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All that Chaz

It’s a right royal ramble as Diary’s virtual walk this week leaves Charles II in Green Park, before going on to Piccadilly and Mayfair, and meeting Gracie Fields and the Earl of Clarendon along the way

24 April, 2020 — By The Xtra Diary

King Charles II by John Michael Wright

DEAR reader, last week we parted ways in Green Park and saucy tales of scandal.

Let us meet by the same spot and resume our stroll.

We’ll kick this instalment off by heading to the south-western end of Green Park, where we will find Constitution Hill – a road with an important, political-sounding name. Sadly it has nothing to do with Bills of Rights or our lack of a written one – instead, it earned its name as Charles II liked to use it for a daily walk.

There is a story that he was once kicking the leaves through Green Park with just a couple of attendants, when his brother James rolled past in a grand carriage with full-on escort. When James leaned out of the window in a fury, and remonstrated with his brother for travelling without guards, Charles replied something along the following lines:

“I have no fear, James. I am perfectly safe. No man in England would ever do me in, because it would put you on the throne.”

It seems his judge of his brother’s character was accurate – James II was shoved off the throne in the Glorious Revolution.

Green Park is known, unsurprisingly, for its expanse of general greenness, and lacking the flowers usual to ornamentally laid-out London parks. It is said that flowers have never thrived because of a huge communal grave holding the bodies of leprosy sufferers beneath the topsoil – which is also why it lacks a pond or lake.

Before we dive back into town, a quick word about the Wellington Arch, which is at one end of Constitution Hill.

In the 1830s, committees were formed to create national monuments to celebrate Wellington and Nelson.
Nelson’s gang gave us the Column – but the Wellington lot were less successful.

The 80-strong committee was hoodwinked by a smaller clique led the Duke of Rutland. They suggested plonking a statue on top of an arch already built as a northern entrance to Buckingham Palace, positioned as it was across the way from Wellington’s home.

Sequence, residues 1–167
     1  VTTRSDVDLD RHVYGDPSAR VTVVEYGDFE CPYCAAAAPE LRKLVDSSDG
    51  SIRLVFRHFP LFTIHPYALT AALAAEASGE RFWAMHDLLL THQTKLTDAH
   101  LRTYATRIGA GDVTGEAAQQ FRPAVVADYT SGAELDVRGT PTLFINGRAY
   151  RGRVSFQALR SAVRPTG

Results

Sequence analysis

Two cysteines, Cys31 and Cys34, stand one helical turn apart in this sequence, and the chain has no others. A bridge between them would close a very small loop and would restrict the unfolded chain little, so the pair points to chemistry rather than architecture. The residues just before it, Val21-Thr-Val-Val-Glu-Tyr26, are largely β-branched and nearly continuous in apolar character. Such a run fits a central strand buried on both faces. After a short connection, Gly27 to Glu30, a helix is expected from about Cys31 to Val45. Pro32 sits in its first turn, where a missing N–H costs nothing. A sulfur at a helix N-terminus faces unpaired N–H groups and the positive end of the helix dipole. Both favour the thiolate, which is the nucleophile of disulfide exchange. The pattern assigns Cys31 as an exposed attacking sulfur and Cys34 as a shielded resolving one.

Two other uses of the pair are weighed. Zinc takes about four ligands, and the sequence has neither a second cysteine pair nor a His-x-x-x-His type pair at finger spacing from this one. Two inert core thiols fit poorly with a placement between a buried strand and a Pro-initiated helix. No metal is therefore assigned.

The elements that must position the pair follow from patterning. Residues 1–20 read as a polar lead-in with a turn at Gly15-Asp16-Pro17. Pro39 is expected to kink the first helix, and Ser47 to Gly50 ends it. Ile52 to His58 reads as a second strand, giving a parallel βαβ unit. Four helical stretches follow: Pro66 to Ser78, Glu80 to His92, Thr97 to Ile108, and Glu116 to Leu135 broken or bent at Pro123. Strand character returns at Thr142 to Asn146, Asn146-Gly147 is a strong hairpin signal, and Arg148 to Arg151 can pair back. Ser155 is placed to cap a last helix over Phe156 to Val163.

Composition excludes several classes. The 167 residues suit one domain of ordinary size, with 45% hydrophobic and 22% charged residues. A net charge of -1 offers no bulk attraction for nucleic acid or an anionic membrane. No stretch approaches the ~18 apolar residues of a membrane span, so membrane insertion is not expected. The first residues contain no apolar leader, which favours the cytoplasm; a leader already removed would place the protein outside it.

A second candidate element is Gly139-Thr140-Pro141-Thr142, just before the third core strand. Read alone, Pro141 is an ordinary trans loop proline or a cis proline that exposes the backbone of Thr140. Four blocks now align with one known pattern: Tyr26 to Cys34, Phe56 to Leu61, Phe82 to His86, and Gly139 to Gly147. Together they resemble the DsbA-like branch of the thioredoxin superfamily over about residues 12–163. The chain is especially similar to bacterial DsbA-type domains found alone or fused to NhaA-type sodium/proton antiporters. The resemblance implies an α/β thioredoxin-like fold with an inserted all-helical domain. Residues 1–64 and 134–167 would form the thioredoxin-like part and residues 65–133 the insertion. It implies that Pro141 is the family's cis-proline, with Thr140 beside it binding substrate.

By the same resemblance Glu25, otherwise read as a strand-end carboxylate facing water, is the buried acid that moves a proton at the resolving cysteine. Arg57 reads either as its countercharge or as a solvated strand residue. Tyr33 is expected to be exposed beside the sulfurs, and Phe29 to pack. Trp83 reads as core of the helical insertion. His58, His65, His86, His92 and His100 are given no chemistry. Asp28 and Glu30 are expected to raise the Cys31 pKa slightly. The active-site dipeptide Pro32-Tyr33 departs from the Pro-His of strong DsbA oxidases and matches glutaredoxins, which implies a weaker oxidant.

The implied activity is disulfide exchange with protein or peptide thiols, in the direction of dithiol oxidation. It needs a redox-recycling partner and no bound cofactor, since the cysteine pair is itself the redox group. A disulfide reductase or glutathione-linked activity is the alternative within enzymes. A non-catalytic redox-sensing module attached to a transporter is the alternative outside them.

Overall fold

But what should have been an easy enough task soon turned into a bit of a stink: the job was given to Wyatt, a mate of Rutland’s, and then he proceeded to forge something completely out of proportion to the arch itself.

It was huge, and ridiculed by Londoners, many of whom thought Wellington was no hero but the public face of an oppressive army that had conspired to discourage the population from following the French Revolution. It was eventually removed.

Onwards! Along Piccadilly a little way and then north a bit to pause for a moment outside Dartmouth House, the home of the English-Speaking Union since 1926.

The Union was established in 1918 by Sir Evelyn Wrench as an inclusive, non-partisan, non-sectarian club open to both men and women (not usual then) with its stated aims fostering “international fellowship and peace”.

It organised cultural exchanges, literary projects, and much more.

During the Second World War, it became an aid hub – and singer Gracie Fields donated every penny she earned from a British and American tour to them.

After some Mayfair window shopping at outlets selling stuff for a lot of money to people who like that sort of thing, we find ourselves in Albemarle Street, one-time home to Edward Hyde, Earl of Clarendon (1609-74)… which brings us nicely back again to the time of Charles II.

He was Chaz’s Lord Chancellor for a while and the monarch gave him land in Mayfair, where he splurged £40,000 on building a magnificent mansion. He didn’t spend much time enjoying it: soon after the last brick was laid, he was accused of treason and fled abroad.

His son had to sell the house to pay off debts for less than it cost to build. It was bought by Chris­topher Moncke, the Second Duke of Albemarle, who was a well-known fritterer of inherited wealth. Creditors came calling and once again the house was sold to pay debts. When new owner Thomas Bond (of Bond Street fame) decided to demolish the pile, he named the street Albemarle to mark what once lay in situ.

The unfortunate Earl of Clarendon has no such lasting mark in the neighbourhood, but he does hold a unique claim. His daughter Anne married James II before he was crowned, and they had two daughters who went on to take the throne – Mary II, who reigned jointly with her husband William III, and Queen Anne. He is therefore only the second man who can claim to be grandfather to two English queens, the other being Mary I’s and Elizabeth’s old gramps, Henry VII.

Stay safe, and join us for more wanderings next week.

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